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Risk in Context

How to Prevent a Cyber Loss From Becoming Catastrophic

Posted by Kevin Sullivan June 08, 2016

“It’s not if. It’s when.” You’ve probably heard that a lot about cyber risks. And it’s true, considering that cyber-attack was cited most often as the risk that organizations consider a critical threat, according to the 2016 Excellence in Risk Management survey.

As companies look for ways to better assess, manage, and respond to cyber risk, the breach-related claims process — which involves a lot more than just reporting losses — is getting more attention. That was the sentiment at the recent Advisen Cyber Conference in Chicago, where I moderated a panel of insurance industry experts discussing cyber claims best practices.

Cybersecurity mitigates breaches, and cyber liability insurance covers losses. After your systems have been hacked and sensitive data exposed, your claims process can make the difference between a loss and a catastrophic loss.

Notify Your Insurers

When it comes to claims, cyber losses may involve policies other than cyber liability — including commercial general liability (CGL) and commercial crime insurance, though exclusions may apply. So determining if a breach falls under your cyber policy should be your first step at the onset of a loss.

It’s critical to let your insurer know immediately of the breach — typically within a day — even before you fully determine if there was a monetary loss. Most cyber policies have a reporting provision where through a pre-arranged hotline you can report a loss, even if it’s over the weekend or during a holiday. This triggers services provided by many insurers — such as a breach coach — to help stop the breach and minimize the loss. Trying to resolve breaches yourself may exacerbate losses.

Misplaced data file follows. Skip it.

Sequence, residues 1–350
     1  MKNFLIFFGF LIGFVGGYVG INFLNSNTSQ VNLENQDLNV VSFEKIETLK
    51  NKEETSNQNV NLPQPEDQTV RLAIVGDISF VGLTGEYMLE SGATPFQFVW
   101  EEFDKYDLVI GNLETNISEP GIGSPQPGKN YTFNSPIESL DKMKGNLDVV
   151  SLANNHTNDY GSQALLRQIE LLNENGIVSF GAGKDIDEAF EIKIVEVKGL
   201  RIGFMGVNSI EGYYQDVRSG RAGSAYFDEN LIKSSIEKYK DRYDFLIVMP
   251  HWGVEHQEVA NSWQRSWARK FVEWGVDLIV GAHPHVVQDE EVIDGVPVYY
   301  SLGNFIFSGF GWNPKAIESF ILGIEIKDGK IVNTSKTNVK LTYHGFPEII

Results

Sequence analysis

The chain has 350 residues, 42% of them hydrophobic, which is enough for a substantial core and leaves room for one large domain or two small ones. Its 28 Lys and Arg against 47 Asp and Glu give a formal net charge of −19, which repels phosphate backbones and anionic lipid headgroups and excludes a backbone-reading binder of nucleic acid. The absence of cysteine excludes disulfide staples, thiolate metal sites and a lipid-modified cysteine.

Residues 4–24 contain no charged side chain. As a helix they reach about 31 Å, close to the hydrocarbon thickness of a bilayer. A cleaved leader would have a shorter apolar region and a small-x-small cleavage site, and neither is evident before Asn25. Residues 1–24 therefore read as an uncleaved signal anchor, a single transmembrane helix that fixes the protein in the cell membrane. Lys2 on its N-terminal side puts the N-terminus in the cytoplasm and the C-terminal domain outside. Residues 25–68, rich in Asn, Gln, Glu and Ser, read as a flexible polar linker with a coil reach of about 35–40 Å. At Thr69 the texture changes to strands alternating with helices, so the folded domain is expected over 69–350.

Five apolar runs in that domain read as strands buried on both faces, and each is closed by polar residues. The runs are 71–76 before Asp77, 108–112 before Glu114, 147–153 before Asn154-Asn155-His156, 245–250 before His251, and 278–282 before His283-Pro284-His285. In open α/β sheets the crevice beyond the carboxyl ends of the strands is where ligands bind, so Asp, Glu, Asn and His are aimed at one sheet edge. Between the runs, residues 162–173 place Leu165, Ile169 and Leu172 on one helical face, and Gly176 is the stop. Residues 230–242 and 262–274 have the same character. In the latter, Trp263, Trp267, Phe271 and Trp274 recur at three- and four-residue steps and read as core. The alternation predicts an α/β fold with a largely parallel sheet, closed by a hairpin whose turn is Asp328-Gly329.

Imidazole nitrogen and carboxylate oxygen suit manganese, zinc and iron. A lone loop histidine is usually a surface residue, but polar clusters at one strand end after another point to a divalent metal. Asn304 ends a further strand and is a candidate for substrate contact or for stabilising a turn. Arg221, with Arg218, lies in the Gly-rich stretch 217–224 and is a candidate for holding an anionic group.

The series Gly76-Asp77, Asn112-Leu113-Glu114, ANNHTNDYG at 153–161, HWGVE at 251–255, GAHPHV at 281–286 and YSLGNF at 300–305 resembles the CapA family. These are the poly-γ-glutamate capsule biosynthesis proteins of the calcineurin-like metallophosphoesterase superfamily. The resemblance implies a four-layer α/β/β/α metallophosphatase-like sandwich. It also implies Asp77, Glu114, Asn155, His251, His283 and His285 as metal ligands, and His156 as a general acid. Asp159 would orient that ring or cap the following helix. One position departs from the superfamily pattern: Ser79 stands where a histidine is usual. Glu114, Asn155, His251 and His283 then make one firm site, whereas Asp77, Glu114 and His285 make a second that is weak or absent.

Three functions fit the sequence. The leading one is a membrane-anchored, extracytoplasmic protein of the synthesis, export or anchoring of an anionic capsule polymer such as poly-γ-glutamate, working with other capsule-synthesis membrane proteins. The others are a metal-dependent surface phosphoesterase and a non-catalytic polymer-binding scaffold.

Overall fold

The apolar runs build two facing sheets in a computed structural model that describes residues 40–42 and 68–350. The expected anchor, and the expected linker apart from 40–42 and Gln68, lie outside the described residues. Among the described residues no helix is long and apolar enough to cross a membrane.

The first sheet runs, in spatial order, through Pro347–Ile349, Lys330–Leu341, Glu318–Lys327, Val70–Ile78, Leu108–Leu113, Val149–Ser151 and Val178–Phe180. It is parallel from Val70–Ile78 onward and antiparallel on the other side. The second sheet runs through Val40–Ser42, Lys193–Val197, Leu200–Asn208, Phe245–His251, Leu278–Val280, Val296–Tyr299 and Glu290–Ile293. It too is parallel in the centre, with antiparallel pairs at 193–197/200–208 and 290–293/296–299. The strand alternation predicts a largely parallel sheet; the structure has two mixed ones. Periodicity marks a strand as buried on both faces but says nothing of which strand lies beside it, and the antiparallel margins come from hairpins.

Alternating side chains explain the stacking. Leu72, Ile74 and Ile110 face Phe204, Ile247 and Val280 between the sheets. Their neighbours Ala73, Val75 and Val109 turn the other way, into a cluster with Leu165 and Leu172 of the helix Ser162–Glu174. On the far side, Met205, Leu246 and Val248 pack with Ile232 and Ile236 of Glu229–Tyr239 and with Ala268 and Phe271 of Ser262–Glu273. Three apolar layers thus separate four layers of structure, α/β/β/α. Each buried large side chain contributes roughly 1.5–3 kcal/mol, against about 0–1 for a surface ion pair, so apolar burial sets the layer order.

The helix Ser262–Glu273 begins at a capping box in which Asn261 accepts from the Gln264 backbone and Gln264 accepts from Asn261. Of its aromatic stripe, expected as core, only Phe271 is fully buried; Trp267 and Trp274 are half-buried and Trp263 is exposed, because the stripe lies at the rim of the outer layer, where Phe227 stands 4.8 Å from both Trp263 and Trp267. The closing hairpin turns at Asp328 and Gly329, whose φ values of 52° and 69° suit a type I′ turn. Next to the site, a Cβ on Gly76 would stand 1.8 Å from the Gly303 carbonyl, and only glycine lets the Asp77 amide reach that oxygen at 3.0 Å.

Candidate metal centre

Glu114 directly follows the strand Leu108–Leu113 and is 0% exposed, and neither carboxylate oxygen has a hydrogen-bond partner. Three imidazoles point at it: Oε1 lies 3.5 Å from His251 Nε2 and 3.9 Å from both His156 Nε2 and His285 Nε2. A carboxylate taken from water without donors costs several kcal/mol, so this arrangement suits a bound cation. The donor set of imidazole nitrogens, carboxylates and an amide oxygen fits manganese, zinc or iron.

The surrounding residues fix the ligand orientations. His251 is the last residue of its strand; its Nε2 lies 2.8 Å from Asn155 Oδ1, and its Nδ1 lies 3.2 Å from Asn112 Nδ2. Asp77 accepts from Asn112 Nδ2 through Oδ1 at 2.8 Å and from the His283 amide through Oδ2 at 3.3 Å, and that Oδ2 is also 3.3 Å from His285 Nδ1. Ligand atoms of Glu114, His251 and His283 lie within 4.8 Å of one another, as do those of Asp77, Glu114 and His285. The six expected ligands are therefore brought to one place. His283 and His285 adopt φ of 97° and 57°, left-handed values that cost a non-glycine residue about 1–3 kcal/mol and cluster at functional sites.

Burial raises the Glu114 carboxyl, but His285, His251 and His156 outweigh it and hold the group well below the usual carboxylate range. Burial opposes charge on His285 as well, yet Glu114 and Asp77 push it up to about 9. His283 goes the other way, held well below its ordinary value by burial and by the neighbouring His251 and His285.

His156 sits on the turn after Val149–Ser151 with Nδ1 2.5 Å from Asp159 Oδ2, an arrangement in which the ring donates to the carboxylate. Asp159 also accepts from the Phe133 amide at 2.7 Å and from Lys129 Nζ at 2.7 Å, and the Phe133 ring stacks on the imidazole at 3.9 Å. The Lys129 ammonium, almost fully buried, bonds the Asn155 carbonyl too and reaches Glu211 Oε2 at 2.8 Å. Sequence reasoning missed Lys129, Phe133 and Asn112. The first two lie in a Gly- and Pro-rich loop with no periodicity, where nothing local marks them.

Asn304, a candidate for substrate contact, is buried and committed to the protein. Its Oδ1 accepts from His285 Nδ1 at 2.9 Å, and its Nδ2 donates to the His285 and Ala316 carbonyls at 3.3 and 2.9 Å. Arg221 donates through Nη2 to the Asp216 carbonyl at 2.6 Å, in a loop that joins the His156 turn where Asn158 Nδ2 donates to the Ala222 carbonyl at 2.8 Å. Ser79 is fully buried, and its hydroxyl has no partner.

Be Ready to Execute Your Response Plan Quickly

Generally, the longer hackers have access to your systems, the more damage they can do. Having a claims process in place beforehand can help you quickly identify the problem, stop the breach, and minimize your loss. This includes:

  • A dedicated claims team that can be contacted to work with insurers and insurers’ vendors to mitigate the risk.
  • Pre-determined individuals who can assess a breach and quickly alert the insurer in order to mitigate the damage.
  • A claims protocol that outlines how to determine a cyber loss.
  • An organization chart illustrating who within the organization should first contact insurers.  

Once these claims protocols are established, you should consider practicing through simulated cyber situations and drills. Panelists in Chicago stressed the importance of drills in establishing communication lines and quickly beginning the claims process to stop a loss from getting worse.

Cyber breaches may be inevitable but the more prepared you are for them, the less likely they are to have a significant impact on your organization.

Kevin Sullivan

Managing Director, FINPRO